These disorders can be difficult to define. Examples include the inability to control anger which may be present with a number of groups including those with acquired brain injury, some individuals with an intellectual disability, at-risk youth or other disadvantaged groups. As an outdoor adventure leader, you will need to liaise with carers, youth worker/social worker, etc. in discussing appropriate objectives, ground rules and disciplinary procedures. Self control can often be tested with such groups and it is important to keep track of your reactions to any challenging behaviour. Humour, patience, a sense of fair play and the ability to listen, can be significant assets.
Recognise that there are far reaching complications that impact as a result of the presence of AIDS. There are many fears that can be dispelled by sound knowledge of its transmission and by good hygiene practices. It is very difficult to transmit AIDS outside of sexual activity and needle sharing. What is probably more of a concern are participants who may be hepatitis carriers. In such situations, washing hands and avoiding sharing food and utensils, including water bottles, is important.
Although fun is always an objective, you may be working as part of a broader educational experience with social workers, etc. and hence have other specific objectives. There may be a desire to use the bushwalk or snow trip as a vehicle to reinforce concepts of self esteem, trust, responsibility, teamwork and decision making/consequences. The outcomes of the activity may be enhanced by allowing the participants to be involved in the planning process. This increased ‘ownership’ should hopefully increase levels of participation and interest. Encourage initiative and leadership skills.
Individuals with drug dependency may have severely affected decision making skills, self esteem, motivation and fitness. Work closely with other specialists where available. It is likely that there will be bans on drugs for the period of your activity. There are always reasons for substance abuse and often unhappy ones. As a role model, you may therefore play a limited part in the counselling process.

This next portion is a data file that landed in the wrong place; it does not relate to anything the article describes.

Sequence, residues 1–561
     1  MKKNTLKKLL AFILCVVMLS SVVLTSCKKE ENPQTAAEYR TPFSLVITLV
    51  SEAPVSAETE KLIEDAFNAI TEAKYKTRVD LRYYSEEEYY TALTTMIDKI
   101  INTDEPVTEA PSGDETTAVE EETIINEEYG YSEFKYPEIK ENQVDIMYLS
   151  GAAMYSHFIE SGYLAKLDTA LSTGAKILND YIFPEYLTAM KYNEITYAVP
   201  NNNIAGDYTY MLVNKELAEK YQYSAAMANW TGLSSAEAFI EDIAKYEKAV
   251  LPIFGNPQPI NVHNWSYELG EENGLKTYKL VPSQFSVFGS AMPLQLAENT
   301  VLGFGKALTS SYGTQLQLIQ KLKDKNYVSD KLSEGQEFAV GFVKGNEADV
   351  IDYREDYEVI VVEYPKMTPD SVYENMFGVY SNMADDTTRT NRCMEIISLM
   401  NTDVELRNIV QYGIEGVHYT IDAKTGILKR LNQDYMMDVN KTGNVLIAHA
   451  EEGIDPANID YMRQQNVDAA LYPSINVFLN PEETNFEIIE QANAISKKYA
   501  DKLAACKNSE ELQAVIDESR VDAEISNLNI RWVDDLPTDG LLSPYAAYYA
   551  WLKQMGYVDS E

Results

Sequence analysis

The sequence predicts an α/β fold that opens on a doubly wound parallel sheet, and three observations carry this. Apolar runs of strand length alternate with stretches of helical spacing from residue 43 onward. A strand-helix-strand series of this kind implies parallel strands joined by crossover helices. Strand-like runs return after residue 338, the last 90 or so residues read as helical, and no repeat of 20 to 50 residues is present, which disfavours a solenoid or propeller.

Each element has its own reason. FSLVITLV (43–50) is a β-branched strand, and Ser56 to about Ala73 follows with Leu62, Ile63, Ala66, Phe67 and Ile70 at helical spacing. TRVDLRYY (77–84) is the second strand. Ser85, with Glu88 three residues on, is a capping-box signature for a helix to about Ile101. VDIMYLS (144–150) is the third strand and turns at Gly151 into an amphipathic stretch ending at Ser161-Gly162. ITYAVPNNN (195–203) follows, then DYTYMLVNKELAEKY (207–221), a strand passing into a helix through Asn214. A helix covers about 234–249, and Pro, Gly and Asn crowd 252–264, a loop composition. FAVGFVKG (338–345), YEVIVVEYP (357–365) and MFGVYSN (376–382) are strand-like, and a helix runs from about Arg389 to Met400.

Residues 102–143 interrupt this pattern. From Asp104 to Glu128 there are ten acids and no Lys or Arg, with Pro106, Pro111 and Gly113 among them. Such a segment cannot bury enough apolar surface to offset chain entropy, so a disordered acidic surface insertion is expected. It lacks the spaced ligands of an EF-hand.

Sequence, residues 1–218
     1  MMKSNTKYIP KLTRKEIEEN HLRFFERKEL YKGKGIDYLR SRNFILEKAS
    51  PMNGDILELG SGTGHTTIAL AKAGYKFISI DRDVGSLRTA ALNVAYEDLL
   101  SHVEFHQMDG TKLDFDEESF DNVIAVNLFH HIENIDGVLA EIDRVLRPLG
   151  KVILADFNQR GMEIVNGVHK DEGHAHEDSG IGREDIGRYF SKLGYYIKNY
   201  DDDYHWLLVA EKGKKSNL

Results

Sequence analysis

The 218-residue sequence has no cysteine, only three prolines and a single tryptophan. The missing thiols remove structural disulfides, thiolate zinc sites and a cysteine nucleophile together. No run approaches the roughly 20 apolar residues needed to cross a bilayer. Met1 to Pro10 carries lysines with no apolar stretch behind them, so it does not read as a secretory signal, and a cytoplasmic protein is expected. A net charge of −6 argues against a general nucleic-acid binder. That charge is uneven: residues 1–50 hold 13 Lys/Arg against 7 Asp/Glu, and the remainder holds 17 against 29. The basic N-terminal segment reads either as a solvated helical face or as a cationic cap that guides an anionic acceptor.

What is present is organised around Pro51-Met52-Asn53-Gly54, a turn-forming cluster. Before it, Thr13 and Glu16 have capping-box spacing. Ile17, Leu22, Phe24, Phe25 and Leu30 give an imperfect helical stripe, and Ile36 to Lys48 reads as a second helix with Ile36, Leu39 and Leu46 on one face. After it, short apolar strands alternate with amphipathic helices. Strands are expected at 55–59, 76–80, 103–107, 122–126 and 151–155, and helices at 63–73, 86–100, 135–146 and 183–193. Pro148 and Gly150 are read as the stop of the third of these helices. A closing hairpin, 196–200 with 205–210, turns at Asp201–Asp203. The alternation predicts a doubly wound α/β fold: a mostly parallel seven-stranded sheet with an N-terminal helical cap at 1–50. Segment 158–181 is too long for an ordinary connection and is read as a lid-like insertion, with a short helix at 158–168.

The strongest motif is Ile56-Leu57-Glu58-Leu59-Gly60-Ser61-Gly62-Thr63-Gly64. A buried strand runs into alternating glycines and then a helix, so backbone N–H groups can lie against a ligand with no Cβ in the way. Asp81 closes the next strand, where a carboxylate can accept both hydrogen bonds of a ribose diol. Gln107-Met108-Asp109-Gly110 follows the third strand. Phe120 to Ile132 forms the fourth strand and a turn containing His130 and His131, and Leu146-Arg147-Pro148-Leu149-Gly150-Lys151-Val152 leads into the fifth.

An individual with special needs is often very dependent upon others. Independence should be encouraged wherever possible, even if it is only in small, seemingly insignificant tasks. Offer positive choices and consult where possible. Try to see things from the participant’s perspective, sometimes the smallest steps can be giant strides forward. Recognise them and provide plenty of encouragement.
The dilemma often met by those facing an individual who is ‘different’ is that of the seemingly contradictory aims of providing for special needs and that of treating them with equality. How does one treat a person ‘differently’ in the right way yet avoid discriminating against them?
Allowing and providing for special needs is a matter of awareness. Treating with equality is a matter of attitude. With any disability, it is important to try to provide the individual with as much respect, dignity and equality as you would with any other person. However it is worth noting, that people with disabilities are also prone to bias, discrimination, selfishness and intolerance just like anyone else. Therefore when it comes to group management, everyone should be subject to the processes of praise, encouragement, recognition and discipline.